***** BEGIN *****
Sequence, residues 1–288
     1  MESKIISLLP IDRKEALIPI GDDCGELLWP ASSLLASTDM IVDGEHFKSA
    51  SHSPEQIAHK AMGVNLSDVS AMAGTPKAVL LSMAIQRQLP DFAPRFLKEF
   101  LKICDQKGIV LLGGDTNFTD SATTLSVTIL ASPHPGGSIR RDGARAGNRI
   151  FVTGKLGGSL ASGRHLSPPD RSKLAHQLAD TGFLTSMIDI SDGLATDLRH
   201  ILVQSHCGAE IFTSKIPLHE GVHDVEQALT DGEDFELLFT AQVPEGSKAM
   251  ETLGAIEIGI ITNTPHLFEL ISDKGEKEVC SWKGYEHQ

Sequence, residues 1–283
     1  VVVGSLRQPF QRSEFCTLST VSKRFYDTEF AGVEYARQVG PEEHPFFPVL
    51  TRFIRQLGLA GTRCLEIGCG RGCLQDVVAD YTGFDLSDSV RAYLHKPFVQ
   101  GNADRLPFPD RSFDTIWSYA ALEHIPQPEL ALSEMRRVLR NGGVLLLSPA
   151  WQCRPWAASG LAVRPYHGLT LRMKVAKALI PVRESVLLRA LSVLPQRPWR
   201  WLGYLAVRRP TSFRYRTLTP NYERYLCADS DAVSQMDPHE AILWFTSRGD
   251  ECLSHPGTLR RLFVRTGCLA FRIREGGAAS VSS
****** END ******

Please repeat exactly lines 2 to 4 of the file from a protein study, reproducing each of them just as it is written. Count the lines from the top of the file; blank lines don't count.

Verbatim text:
     1  MESKIISLLP IDRKEALIPI GDDCGELLWP ASSLLASTDM IVDGEHFKSA
    51  SHSPEQIAHK AMGVNLSDVS AMAGTPKAVL LSMAIQRQLP DFAPRFLKEF
   101  LKICDQKGIV LLGGDTNFTD SATTLSVTIL ASPHPGGSIR RDGARAGNRI